BERLIN -- New diesel cars do not produce less of the environmentally damaging carbon dioxide than gasoline vehicles, a group of newspapers cited the German Transport Ministry as saying, in a potential further headache for the auto sector.
The automotive industry is Germany's biggest exporter and employs more than 800,000 people. It was plunged into crisis two years ago when Volkswagen admitted to cheating U.S. diesel emissions tests.
The Funke group of newspapers cited an answer from the Transport Ministry to an inquiry from the opposition Green party as saying diesel cars registered in 2016 emitted 128 grams of carbon dioxide per kilometer on average compared with 129 g/km from new gasoline cars.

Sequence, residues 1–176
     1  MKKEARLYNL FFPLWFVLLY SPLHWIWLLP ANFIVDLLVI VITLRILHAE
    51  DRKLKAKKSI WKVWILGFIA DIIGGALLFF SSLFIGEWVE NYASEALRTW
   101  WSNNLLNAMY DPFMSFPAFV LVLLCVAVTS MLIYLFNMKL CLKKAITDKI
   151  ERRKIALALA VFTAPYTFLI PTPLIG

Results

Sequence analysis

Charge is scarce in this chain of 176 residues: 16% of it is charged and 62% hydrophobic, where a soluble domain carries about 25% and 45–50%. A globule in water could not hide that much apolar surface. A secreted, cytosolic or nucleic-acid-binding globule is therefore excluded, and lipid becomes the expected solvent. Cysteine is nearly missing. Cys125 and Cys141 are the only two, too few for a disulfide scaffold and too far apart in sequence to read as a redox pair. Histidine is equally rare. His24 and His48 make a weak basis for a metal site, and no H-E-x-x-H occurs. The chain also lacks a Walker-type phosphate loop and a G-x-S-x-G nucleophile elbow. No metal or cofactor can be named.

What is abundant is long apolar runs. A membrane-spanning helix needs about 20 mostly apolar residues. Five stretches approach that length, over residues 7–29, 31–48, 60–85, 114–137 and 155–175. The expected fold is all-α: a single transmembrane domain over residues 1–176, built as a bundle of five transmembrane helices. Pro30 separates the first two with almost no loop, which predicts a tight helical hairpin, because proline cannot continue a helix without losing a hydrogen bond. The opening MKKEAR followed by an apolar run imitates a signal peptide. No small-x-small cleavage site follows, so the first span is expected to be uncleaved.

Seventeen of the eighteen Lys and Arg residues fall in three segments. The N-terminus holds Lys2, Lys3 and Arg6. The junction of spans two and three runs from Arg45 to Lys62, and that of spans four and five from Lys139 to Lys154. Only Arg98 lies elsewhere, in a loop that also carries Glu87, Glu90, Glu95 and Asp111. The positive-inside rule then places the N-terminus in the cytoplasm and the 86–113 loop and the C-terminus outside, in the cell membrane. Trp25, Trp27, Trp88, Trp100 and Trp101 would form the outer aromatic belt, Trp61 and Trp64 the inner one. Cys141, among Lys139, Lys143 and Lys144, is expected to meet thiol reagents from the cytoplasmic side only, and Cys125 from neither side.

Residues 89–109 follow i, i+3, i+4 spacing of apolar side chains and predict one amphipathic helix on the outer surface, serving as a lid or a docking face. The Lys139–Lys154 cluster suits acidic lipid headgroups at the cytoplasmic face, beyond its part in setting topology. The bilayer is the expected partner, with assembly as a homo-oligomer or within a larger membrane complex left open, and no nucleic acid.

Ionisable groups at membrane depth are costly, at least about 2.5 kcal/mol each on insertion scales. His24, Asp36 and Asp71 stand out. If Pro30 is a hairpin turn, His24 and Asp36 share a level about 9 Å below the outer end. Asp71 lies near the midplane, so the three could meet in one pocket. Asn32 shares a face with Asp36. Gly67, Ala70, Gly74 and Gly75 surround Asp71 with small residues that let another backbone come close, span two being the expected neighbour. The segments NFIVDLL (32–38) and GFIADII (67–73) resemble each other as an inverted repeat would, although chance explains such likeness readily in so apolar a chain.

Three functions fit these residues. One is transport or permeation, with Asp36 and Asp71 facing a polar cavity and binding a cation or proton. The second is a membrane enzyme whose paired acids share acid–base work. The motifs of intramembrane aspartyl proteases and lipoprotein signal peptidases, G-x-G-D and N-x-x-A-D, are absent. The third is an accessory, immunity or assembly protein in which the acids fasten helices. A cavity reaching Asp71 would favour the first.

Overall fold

The emissions difference has been similar for ten years but the amount of CO2 has fallen, it said, adding that one reason the carbon dioxide values were almost identical was because diesel cars were heavier and had higher power.
The Transport Ministry did not immediately respond when contacted by Reuters.
"It's a myth that diesel helps protect the climate," Stephan Kuehn, transport expert for the Greens in Germany's lower house of parliament, told the Funke newspapers.
"Diesel engines squander the theoretical advantages they could bring for the environment by often being built into heavy, high-powered cars," he said.